The letter you always wanted to write
By Anonymous for The Guardian, Saturday 20 July 2013
Dear F, for some reason I feel the need to write. I’m sorry, as I’m sure we’re all getting along nicely with our lives and probably don’t want to be dredging this up again but I have this nagging desire for closure â€“ a word I’ve always hated. I know now that it’s a load of crap and life isn’t a series of neatly packaged parcels, but I can’t get rid of this feeling that I need to say my part.
We’d been friends, the four of us, for a long time. Time, and life’s challenges, brought us closer together and we ended up spending all our time together. We were godparents to your children, we spent holidays together. Through our years of IVF and miscarriage, we turned to you, our dear friends, to support us and carry us through.
Gradually, I felt J retreating into himself, needing space from me and our life, which had become sad and hopeless. He turned to you for support; you gladly counselled him and, for a while, I was just relieved he had someone to talk to. I trusted you completely. Then, slowly, the atmosphere changed when we were together. I noticed you taking more care of your appearance, a flirtiness in your behaviour, an attempt to block me out and spend time alone.
I dismissed my feelings as paranoia as I trusted you both. He was a mess, taking medication as well as months off work and spending more and more time with you and your children.
After a while I moved out. I continued to spend time with you, for support, friendship and news, as he was blocking out me and his family and you were my only link to him. I still dismissed the doubts I had as pointless, petty jealousy.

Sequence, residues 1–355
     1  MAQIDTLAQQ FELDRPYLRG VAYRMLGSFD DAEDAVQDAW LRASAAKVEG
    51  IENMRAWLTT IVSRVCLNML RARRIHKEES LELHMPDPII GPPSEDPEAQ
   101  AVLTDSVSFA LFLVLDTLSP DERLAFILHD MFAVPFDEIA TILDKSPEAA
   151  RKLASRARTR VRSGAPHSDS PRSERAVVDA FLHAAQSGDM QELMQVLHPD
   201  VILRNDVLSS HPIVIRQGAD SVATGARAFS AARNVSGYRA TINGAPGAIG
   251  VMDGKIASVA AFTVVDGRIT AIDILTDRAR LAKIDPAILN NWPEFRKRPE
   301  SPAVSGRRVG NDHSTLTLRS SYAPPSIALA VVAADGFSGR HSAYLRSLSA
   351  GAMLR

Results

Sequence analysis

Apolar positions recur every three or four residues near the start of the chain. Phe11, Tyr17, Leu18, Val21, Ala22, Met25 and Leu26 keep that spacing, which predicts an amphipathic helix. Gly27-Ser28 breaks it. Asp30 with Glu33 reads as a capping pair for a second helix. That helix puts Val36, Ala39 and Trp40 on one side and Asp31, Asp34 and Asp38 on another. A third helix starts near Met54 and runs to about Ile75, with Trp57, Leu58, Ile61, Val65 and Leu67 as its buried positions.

Then he admitted it, that he was falling in love with you and that you wanted to be with him, and my world fell apart. On his part, he was a broken man, believing himself to be in love with the person who was giving him the love and the children that I was unable to and which he so desperately craved.
He hit rock bottom but, amazingly, after a little while longer he realised that what he was feeling wasn’t real and we gradually rebuilt our life and our marriage, despite your efforts to prevent us.
Two years on, we are still childless but happy and satisfied with our life together. I resisted contacting you; J was fragile and I wanted to protect him, but I was also frightened of what would happen if I let you into our lives any more.
As much as I want to forgive and forget, it has just not been possible. Every day, J has to face what he did and the impact it had on us and, rightly or wrongly, I blame you.
Your apology via text was laughable and your attempts to justify and excuse your behaviour were irrelevant. You made choices that you knew would devastate and betray the people you loved. I hope you can live with that.